Before the NCLAT one of the issues was the possession of the aircrafts of Go First. The argument by the lessors before the NCLAT was that the lease agreement was terminated by the lessor prior to the CIRP application as Go First had defaulted in payment, hence, Go First lacks legal grounds to claim possession and moratorium under Section 14(1)(d)[2] of the IBC on the lessor's assets. The lessors' termination of lease agreements aims to prevent their aircraft from being held by the Corporate Applicant during the moratorium. One of the most important aspects of airline operation is the aircraft itself. Deregistration and return of the aircraft to the lessors diminishes the value of an airline company. Section 14(1)(d) of the IBC aims to consider the corporate debtor as a going concern, where the corporate debtor can be revived by proper management and the dues of the corporate creditor to be repaid. On the other hand, CTC is more inclined towards protecting the interest of the lessors by ascertaining that they expeditiously regain the possession of their aircraft.[3] The IBC has proven to create a balance, as its provisions have both protected the interests of the corporate debtor and the going concern status of the business, while also posing challenges for lessors. While Section 14(1)(d) of the IBC aims to preserve the Corporate Debtor's assets by imposing a bar on lessors from asset recovery, the Indian aviation sector necessitates a comprehensive framework to safeguard lessors' interests amid the moratorium provisions.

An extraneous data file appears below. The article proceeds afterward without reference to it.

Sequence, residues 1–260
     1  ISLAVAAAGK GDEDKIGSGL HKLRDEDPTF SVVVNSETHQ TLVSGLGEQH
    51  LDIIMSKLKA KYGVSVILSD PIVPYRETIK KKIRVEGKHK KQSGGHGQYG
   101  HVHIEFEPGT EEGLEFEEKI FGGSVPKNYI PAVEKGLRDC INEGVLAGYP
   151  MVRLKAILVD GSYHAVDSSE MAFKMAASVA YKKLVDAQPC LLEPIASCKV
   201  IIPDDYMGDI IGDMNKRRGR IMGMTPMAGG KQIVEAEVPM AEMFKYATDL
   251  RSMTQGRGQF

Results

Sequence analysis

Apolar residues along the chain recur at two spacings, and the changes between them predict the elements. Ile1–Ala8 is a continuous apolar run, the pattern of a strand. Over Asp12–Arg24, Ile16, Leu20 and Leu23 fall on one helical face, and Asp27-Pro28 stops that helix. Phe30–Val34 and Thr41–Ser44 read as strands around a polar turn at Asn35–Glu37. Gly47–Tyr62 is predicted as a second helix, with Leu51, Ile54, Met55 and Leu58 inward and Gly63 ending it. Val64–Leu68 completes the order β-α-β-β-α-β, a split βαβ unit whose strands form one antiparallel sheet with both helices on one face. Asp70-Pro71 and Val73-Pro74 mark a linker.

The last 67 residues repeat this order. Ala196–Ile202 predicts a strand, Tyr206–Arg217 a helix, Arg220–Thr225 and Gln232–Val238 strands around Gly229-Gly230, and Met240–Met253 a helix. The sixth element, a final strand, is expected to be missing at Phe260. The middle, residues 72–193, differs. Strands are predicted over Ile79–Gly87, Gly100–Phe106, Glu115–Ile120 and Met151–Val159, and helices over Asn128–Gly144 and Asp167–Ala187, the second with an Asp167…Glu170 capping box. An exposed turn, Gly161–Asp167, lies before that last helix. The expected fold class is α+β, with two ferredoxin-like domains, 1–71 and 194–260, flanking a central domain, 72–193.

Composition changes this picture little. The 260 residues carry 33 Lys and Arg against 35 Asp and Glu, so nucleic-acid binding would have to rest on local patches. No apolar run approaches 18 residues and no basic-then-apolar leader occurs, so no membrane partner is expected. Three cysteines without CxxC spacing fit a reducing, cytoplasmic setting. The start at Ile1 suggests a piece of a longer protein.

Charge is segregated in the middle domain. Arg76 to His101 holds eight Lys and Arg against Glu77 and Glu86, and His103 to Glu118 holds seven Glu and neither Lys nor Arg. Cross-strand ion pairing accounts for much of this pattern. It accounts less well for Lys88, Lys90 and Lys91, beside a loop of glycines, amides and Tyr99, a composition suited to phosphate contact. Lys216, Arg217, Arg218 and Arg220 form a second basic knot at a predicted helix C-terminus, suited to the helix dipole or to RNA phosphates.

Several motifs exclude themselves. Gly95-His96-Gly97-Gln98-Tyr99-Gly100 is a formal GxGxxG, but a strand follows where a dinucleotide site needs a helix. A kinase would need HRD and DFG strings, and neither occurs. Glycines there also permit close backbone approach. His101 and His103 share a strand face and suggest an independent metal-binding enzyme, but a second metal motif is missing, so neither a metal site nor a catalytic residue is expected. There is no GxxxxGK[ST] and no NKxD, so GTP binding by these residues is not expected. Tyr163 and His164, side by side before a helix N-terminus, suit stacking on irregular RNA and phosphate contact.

The Ministry of Corporate Affairs’ treatment of exception to ‘moratorium’ under IBC

The Ministry of Corporate Affairs (MCA) issued a notification dated 03.10.2023,[4] invoking Section 14(3)(a)[5] of the IBC, to delineate exceptions to the moratorium. This notification delineates that Section 14(1) of the IBC, imposing a moratorium, does not extend to transactions, arrangements or agreements governed by the Convention and the protocol concerning aircraft, aircraft engines, airframes and helicopters. India, a signatory to the Convention and the protocol since 31.03.2008, deposited its instruments of accession with the International Institute for the Unification of Private Law.

The purpose behind the MCA's moratorium notification is to facilitate lessors in promptly reclaiming their aircraft from airlines. By aligning with the CTC, the Indian government formally ratifies this international agreement, granting priority to the CTC over domestic bankruptcy laws. This action complements Section 14 of the IBC, which imposes a moratorium on proceedings and asset transfers upon commencement of insolvency. It also corresponds with the Cape Town Convention Bill, introduced by the Ministry of Civil Aviation in 2018, aiming to harmonise Indian insolvency law with the CTC's provisions.